In the animal study, rats were treated with folate or placebo. After 1 week, their left coronary arteries were blocked for 30 minutes. As we know, blood normally carries oxygen to the heart muscle. Any sudden and severe blockage could just trigger a heart attack or an abnormal heart rhythm, which is considered as fatal conditions.

The researchers performed a 90-minute of reperfusion to some rates and do nothing to the others. Reperfusion is the restoration of the coronary blood flow to the heart muscle. Preserving or restoring heart function is a necessary procedure, but it can well cause a disturbance in the function of the cells in the heart muscle known as reperfusion injury.

Rats that were treated with folate had significantly less functional damage of the heart than those that were treated with placebo. When the researchers looked at reperfusion, smaller areas of dead heart muscle were found among rats pretreated with folate.

Further analysis also indicated that folate might have achieved these beneficial effects, in part, by maintaining levels of the high-energy phosphates ATP and ADP in the heart.

Despite of the positive findings, the researchers felt that it is still premature for people to start taking high doses of folate. However, if future studies on human beings can prove equally effective, then high-dose folate could be given to those people with high-risk factors (diabetes, heart disease, high blood pressure, high cholesterol, etc.) for preventing possible heart attack or to people who have suffered heart attack.

Wednesday, September 24, 2008

Can Aromatherapy Products Help Relieve Stress?

People spend a fortune on aromatherapy products marketed by health and beauty companies believing that this would help them relieve their stress and improve their health conditions. Stress is known to be a risk factor for heart disease, high blood pressure, cancer, and many other medical disorders.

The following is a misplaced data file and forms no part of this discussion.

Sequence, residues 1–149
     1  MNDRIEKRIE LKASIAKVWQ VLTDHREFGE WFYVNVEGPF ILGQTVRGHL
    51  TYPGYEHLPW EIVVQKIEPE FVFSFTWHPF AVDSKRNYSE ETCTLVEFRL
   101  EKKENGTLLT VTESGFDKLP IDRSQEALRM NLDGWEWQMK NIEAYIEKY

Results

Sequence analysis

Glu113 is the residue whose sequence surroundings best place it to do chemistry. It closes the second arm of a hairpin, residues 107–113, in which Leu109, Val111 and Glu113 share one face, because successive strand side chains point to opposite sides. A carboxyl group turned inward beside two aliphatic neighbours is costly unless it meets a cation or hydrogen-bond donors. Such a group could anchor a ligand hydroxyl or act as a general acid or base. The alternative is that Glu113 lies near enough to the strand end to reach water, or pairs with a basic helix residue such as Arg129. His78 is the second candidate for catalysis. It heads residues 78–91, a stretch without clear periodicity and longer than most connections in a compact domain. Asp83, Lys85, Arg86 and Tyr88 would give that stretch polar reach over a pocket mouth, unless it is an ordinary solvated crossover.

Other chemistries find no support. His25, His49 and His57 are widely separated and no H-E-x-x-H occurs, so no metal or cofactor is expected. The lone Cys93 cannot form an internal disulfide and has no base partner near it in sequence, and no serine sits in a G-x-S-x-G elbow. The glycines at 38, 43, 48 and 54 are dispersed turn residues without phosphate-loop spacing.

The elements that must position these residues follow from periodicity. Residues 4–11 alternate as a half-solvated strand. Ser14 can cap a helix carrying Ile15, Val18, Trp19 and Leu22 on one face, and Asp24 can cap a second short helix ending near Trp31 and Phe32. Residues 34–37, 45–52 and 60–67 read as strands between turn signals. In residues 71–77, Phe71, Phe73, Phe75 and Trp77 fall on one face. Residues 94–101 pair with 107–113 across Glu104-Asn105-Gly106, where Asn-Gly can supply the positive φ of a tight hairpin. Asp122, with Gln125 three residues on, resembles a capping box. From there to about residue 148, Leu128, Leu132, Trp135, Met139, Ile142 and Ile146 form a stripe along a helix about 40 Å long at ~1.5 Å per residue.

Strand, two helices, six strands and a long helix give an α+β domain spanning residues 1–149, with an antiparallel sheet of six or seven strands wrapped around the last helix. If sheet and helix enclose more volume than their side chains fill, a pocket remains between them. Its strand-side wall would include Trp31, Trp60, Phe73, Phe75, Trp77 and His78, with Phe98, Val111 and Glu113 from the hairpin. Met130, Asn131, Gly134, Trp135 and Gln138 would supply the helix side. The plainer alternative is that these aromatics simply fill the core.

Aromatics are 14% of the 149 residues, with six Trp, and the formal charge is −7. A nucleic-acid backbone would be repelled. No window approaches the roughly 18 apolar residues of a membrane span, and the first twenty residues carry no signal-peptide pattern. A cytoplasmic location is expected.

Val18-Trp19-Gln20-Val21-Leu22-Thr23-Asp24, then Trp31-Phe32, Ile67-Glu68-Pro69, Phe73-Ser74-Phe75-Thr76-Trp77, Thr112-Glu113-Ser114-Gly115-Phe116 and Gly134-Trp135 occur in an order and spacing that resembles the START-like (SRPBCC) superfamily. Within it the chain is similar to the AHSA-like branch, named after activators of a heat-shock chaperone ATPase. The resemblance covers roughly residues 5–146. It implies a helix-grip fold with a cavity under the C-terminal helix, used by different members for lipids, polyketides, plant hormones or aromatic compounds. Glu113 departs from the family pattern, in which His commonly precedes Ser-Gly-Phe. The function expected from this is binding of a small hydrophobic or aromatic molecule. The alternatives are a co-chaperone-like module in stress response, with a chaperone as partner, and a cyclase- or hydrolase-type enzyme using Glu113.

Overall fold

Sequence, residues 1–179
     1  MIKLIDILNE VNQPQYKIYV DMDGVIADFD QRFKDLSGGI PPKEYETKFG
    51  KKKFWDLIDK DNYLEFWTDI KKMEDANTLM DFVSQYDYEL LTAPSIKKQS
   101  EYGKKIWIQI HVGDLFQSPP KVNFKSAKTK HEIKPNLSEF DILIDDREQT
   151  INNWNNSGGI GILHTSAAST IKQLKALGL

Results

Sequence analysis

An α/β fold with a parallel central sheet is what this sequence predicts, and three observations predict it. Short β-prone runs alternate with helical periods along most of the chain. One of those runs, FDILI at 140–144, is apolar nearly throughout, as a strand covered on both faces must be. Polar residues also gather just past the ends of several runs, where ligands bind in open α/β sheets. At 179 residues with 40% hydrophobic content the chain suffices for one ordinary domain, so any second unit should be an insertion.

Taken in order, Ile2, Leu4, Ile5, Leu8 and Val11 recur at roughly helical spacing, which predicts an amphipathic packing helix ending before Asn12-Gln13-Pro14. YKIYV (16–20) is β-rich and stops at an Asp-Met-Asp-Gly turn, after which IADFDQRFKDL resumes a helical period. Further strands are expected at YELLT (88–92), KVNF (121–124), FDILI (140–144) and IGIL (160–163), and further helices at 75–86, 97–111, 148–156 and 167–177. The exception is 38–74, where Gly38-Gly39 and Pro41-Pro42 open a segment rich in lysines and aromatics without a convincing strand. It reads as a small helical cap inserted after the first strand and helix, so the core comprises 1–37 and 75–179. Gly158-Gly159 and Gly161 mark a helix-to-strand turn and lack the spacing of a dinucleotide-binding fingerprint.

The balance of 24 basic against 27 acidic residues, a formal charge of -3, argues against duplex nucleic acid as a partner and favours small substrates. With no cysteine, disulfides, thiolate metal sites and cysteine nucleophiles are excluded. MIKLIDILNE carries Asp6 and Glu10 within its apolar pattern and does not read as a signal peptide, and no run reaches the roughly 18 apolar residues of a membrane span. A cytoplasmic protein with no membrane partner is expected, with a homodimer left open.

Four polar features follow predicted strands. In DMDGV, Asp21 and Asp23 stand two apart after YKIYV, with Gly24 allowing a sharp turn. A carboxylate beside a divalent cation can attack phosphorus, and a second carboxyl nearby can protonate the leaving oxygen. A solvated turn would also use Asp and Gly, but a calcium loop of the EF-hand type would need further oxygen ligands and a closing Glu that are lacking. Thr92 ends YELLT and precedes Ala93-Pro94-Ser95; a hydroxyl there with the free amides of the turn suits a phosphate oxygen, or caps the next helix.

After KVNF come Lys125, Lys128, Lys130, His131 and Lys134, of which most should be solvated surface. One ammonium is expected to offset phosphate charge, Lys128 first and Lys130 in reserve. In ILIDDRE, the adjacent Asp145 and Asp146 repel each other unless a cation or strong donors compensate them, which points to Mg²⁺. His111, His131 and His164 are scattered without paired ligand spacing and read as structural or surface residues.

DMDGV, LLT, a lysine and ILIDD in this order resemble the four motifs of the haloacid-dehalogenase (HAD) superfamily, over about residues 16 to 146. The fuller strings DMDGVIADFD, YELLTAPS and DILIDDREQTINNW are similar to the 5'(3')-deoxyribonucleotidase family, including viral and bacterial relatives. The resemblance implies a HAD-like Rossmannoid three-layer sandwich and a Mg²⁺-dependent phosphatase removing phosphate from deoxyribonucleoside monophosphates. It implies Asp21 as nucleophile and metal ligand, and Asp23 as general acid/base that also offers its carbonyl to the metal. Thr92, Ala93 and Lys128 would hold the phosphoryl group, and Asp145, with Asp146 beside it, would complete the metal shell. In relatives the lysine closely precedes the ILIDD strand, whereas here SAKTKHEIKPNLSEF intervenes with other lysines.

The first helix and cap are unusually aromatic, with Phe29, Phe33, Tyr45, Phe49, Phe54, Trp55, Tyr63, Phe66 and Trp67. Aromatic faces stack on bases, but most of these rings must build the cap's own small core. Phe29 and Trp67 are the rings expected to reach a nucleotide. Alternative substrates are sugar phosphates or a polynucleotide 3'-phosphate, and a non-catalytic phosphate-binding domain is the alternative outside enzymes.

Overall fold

However, a recent study by a group of researchers at Ohio State University might just make them disappointed. The researchers reported in April 2008 in the Journal “Psychoneuroendocrinology” that these expensive scented oils may help people’s mood but would not do much on their health. Just like many home remedies, there is no hard evidence to support that these so-called ‘good smell’ would be good for the body.

Knowing that the placebo effect could have a very strong impact on one’s health, the researchers hope to test the claimed stress-relieving and healing properties of 2 of the most popular aromatherapy scents, lavender and lemon, in a measurable way.

In the study, 56 healthy male and female volunteers underwent a series of tests over 3 half-day sessions. Each of them was tested in advance to make sure that each had a normal sense of smell.

To test the impact of the smells, the nostrils of the participants were taped with cotton balls laced with essential oils and distilled water.

To see if the smells could help manage pain responses, the subjects’ feet were dunked in ice-cold water.

To see if it would improve healing, a standard test was performed in such a way that tape was applied and removed repeatedly on the same spot of skin.

To test the impact on the mood, the subjects were asked to complete 3 standard psychological tests during each session.

To test the impact on stress levels, the subjects’ period blood tests were taken and their blood pressure and heart rates monitored.